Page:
Locker Room Talk had the opportunity to talk to the Trinity College Baseball captain, Johnny Stamatis, a 2nd team All-NESCAC standout, and two-time Academic All-NESCAC selection, about how he decided to attend Trinity and what it takes to be a leader at the collegiate level.
LRT: What is the best piece of advice that you can offer a student-athlete who is looking to play baseball at Trinity?
Johnny: The best piece of advice that I can offer is to be the hardest working individual on and off the field. Whether you are in the classroom or at practice with your teammates, your work ethic will never go unnoticed. Professors and coaches are the first to see how hard a student/player is working and how determined they are to achieve success. If you work hard at something that you love doing, great results will come. Having four years to play baseball with your best friends at a great school is not an opportunity that everyone gets to have, so cherish the experience and take nothing for granted.
LRT: How many other schools did you look at before you decided that Trinity was the right school for you and why did you pick Trinity?
Johnny: I narrowed my college search down to a few schools before deciding that Trinity was the right fit for me. I would say around 3-5. Ever since I took a tour of Trinity and did an overnight with the baseball team, I knew that it was the right fit and I could really see myself enjoying my time here. I picked Trinity for a few reasons. I wanted a strong academic school with a great baseball program. More importantly, I was confident that I could come into my freshman year and make an impact on the team. Here I am going into my senior year at Trinity and I could not be happier with my decision.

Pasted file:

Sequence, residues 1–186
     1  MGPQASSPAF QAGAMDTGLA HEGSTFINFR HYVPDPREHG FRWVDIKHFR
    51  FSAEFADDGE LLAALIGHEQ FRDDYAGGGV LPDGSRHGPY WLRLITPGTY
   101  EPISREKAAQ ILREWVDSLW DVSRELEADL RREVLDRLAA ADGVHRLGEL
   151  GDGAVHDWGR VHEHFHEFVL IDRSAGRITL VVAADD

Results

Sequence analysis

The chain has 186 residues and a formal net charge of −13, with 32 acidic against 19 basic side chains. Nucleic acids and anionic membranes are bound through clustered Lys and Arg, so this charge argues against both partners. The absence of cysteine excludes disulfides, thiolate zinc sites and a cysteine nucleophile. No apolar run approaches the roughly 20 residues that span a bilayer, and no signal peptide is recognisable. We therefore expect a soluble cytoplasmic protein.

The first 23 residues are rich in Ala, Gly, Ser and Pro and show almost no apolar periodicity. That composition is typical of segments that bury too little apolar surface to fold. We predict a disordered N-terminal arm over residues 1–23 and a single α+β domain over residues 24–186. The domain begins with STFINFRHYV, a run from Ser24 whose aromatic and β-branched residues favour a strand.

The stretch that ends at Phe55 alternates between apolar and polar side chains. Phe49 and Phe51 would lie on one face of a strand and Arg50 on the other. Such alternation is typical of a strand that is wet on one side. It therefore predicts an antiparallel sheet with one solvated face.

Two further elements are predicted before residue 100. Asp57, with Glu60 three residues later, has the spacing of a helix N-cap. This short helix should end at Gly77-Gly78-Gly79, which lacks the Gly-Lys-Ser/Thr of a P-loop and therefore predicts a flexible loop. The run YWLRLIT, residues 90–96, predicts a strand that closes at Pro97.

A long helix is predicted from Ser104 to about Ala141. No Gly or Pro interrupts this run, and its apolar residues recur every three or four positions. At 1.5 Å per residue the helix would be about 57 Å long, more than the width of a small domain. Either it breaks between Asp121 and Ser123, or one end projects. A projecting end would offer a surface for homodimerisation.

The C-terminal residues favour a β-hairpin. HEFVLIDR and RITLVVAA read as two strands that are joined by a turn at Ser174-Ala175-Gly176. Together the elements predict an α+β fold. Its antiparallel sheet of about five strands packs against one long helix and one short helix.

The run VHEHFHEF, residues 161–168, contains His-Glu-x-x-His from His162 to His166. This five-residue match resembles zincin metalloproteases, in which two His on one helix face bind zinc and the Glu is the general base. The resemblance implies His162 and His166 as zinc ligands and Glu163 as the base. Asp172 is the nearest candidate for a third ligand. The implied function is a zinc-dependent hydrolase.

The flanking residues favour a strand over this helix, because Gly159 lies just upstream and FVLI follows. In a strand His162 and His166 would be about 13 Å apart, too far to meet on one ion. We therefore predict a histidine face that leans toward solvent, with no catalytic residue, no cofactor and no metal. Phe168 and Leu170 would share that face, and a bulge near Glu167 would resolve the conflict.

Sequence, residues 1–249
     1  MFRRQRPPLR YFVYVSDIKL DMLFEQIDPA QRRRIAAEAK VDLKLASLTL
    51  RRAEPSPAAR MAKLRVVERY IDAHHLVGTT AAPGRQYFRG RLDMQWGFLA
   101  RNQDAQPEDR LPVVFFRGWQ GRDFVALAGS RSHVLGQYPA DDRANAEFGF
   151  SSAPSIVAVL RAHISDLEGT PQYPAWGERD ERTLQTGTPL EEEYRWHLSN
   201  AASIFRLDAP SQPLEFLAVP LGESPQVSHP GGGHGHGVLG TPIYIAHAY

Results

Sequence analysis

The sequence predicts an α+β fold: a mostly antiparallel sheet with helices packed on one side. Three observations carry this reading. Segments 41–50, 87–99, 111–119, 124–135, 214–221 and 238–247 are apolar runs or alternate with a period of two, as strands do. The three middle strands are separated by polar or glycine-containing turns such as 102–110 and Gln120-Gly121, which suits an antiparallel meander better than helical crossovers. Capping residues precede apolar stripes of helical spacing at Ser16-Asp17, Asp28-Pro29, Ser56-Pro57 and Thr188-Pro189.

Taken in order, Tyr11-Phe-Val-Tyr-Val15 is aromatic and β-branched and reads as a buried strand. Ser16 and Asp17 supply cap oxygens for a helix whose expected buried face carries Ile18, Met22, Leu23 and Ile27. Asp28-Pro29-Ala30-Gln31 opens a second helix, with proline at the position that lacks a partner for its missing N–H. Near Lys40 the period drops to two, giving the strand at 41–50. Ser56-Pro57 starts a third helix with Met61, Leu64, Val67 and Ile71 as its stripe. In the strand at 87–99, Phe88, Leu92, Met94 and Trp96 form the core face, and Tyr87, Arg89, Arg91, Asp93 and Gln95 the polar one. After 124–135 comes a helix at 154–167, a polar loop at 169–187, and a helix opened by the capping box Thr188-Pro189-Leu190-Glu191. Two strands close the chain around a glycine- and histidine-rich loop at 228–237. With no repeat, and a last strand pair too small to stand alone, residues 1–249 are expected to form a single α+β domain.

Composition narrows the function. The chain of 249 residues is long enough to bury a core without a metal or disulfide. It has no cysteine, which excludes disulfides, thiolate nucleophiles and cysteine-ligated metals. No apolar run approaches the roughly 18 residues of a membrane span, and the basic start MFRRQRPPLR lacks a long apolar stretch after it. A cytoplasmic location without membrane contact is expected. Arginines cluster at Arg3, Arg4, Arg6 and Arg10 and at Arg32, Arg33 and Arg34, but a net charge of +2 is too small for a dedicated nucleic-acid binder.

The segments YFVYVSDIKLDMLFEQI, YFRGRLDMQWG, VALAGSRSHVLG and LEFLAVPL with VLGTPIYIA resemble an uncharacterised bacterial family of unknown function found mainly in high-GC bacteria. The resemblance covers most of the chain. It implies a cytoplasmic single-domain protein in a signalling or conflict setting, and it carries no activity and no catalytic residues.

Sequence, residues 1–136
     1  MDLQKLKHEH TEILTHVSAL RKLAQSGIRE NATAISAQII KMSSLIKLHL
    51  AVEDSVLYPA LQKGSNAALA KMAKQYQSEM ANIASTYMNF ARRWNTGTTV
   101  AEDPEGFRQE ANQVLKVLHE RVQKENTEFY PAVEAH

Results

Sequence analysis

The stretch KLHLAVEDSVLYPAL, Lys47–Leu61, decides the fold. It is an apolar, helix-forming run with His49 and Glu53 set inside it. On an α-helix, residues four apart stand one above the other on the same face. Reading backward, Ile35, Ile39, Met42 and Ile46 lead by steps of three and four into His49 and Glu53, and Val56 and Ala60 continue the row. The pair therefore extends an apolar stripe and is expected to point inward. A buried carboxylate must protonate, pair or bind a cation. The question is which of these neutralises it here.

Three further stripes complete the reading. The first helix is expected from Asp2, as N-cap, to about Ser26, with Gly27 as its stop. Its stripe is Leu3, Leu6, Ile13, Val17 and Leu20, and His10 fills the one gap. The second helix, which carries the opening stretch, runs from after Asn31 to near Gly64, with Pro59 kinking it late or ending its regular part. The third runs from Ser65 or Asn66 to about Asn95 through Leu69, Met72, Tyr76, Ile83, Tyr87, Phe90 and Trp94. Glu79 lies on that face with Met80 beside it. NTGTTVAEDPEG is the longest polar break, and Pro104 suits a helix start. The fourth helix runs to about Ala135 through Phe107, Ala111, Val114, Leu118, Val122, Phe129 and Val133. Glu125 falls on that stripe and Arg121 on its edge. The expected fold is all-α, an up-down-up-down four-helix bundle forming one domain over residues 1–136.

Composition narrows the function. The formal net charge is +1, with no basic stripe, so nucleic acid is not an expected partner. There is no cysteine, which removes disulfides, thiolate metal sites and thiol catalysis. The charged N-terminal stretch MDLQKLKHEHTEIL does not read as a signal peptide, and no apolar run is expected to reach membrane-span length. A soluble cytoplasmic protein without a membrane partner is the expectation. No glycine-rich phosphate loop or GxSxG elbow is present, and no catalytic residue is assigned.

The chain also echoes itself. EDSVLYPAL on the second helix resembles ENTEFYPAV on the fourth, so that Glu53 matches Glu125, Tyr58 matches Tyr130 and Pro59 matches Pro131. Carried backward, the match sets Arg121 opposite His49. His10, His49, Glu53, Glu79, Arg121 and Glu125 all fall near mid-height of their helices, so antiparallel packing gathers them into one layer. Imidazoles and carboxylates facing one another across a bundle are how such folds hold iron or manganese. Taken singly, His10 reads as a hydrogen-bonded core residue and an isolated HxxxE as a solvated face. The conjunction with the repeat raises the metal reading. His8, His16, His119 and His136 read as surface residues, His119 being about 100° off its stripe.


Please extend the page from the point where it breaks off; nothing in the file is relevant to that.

LRT: In one word what is your favorite part of being a student-athlete at Trinity?
Johnny: Friendships. Being a student athlete at Trinity you are able to make so many friends inside and outside of sports and the classroom. These are friends that I will connect with for the rest of my life.
LRT: Being that you have achieved such success in the three years you’ve been at Trinity, being an all-NESCAC selection and an Academic All-NESCAC, what do you think is the main reason for your success? What do you attribute your success to?
Johnny: I think the main reason for my success or anybody’s success on a collegiate sports team is their hard work and positive attitude. I have always taken pride in my work ethic and I also know how important it is to have a positive attitude even when battling through some adversity. I feel that hard work and positivity can help someone achieve any goal that they set for themselves.
LRT: For those athletes who are looking to be a leader of their team like you are, being a captain specifically, what piece of advice can you give them to reach that goal? What makes a good leader?
Johnny: Some advice that I would have is to be respectful to all of your coaches and teammates. Establishing a good relationship with everyone on the team is crucial in being able to earn their respect and their trust in you as a leader. In my mind a good leader is someone who acts responsibly, puts the team ahead of his/herself, has a positive attitude, and has knowledge of the game. In this upcoming school year, as a captain, I hope I can live up to my expectations of a good leader and represent what makes a good leader.
LRT: How did you get on the coach’s radar? In the recruiting process, during your career, what set you apart?
Johnny: I met Coach Adamski my sophomore year of high school when I did a baseball showcase in Long Island. I spoke to Coach Adamski after the showcase and introduced myself and expressed my interest in Trinity. Throughout the recruiting process, I stayed in touch with Coach Adamski, giving him my summer baseball schedule and also making sure to inform him of any showcases that I was looking to attend. Most importantly, I continued to carry on a conversation with him. Anytime that I saw him in person, I made sure to say hi and have a quick conversation (this way he saw my interest in Trinity). I believe that during the process, I set myself apart from other players by continuing to have conversations with the coaches of schools that I was interested in. I showed my interest and was proactive in notifying coaches where I would be playing.